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Mrs Clinton Walker house, "Cabin on the Rocks"
Posted: Wed Aug 30, 2017 4:38 pm
Well, that's what it's called in Taschen, Vol III, p 183. Here is a section drawing published in Monograph 7, p 266.
Floor plans are hard to come by. I'm not sure we've seen a plan showing the bedroom addition.
Â© 2009 by TASCHEN GmbH and by the Frank Lloyd Wright Foundation
Â© 1988 A.D.A EDITA Tokyo Co., Ltd. and by the Frank Lloyd Wright Foundation
Plan published in Global Interiors 10 and in Storrer's "Frank Lloyd Wright Companion"
Posted: Wed Aug 30, 2017 6:08 pm
How about the four living-room columns made of triangle-section cast iron (!), with their "growy" adornment of metal pyramids ? One drawing labels the columns "steel" . . .
photo Â© Alan Weintraub
A structural plan would show the columns, with their cast "sockets" pinned at the tops, are attached only at 60Âº welded miter joints (?) in the wide-flange
steel plate circling the living room, bolted to it on the inboard side of the flange. A few construction photos would be a priceless addition to the discussion.
The architect would have seen that this hoop of heavy steel, tied at each end to solid masonry and supported at intermediate points along its length, could
carry almost any amount of roof without distortion or complaint. Rather than being opened to the sea side of the terrace, the living room is a sort of
aquarium--in-reverse, keeping the water out and enclosing a bubble of indoor atmosphere.
Posted: Wed Aug 30, 2017 9:59 pm
This is great!
...wow - triangular column sections.
wonder if something like that is going on at Niels. I know that the vertical steel columns inside the wood window wall at Samara in Lafayette are 'T' sections.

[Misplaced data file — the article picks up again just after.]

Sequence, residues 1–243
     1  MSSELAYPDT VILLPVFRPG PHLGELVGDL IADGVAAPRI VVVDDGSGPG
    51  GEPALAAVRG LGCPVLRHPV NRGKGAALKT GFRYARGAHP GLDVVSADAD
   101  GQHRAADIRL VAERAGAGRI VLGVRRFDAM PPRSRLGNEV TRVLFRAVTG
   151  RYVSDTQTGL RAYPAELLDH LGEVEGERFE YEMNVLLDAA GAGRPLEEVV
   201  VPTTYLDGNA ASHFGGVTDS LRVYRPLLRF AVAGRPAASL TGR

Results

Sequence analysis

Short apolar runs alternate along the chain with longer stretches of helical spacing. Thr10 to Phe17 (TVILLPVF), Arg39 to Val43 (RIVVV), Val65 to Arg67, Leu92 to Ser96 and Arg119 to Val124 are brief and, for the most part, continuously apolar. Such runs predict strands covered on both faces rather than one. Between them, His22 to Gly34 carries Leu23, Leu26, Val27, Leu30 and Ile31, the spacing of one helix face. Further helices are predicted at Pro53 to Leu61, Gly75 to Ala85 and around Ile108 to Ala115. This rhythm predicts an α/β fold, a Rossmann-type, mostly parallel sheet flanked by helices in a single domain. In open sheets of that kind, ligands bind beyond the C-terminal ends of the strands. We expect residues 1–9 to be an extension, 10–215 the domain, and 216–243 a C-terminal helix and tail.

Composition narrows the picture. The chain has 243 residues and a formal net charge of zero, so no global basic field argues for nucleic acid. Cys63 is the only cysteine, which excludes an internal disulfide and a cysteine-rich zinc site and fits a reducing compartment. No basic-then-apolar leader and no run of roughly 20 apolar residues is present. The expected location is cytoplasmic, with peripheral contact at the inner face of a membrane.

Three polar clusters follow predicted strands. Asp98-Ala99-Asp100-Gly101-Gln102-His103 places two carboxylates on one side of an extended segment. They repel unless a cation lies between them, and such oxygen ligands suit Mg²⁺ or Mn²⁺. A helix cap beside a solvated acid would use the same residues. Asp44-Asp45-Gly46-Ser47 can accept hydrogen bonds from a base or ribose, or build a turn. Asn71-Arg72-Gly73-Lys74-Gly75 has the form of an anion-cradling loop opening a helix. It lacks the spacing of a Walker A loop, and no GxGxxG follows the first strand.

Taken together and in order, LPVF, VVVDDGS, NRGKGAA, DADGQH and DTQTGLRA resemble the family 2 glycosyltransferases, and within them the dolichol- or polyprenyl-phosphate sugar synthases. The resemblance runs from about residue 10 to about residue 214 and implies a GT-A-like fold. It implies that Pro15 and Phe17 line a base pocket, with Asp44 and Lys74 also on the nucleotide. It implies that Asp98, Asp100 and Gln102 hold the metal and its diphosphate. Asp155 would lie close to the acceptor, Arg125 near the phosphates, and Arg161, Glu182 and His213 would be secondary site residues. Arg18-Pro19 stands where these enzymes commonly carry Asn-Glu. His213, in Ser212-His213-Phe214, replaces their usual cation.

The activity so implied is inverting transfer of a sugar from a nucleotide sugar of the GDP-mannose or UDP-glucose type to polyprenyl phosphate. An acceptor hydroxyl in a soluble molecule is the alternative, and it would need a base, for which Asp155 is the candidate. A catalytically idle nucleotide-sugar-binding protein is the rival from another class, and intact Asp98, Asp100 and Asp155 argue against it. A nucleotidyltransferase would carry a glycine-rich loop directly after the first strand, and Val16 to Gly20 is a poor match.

"...aquarium in reverse.." that's good.
and you know that SOMEWHERE there are construction photos.
Posted: Wed Aug 30, 2017 11:33 pm
I've included a third plan drawing, above, also apparently from Taliesin. The first and the third plans are virtually identical in room layout; the second plan shows a different bath arrangement, and it includes the row of fin-like diagonal boards standing outside the gallery.
I don't seem much in common between Neils and Walker, though there may be structural steel within the Neils mullions. The trick at Walker would be in fabrication: getting those four canted columns placed and braced at exactly the right locations for the concrete pour . . .
Posted: Thu Aug 31, 2017 7:07 am
Wonder how those glass vents are supposed to be operated?
Glass wall calls up House on the Mesa.
Posted: Thu Aug 31, 2017 8:55 am
Did Mr Wright imagine that the columns would be sand-cast, complete with lugs ? The section through the triangular column seems to show a wall thickness. Perhaps they were made tubular, assembled from flat steel stock ?
I don't see a sectional dimension; scaling the drawing suggests that the altitude of the triangle is 2" . . .
Posted: Thu Aug 31, 2017 9:51 am
Wonder too, how the glass is held by the steel?
Posted: Thu Aug 31, 2017 10:19 am
Posted: Thu Aug 31, 2017 4:19 pm
Thanks -- that is
a great pic of the living room, lighted in such a way as to bring everything vividly (if unnaturally) to life. I wish the companion photos, in the second link, would enlarge as well.
DRN sends along a set of his own photos of the house, taken on a beautiful day with a little haze in the ocean air, and with the glass spotlessly clean. Was this a house tour, Dan ?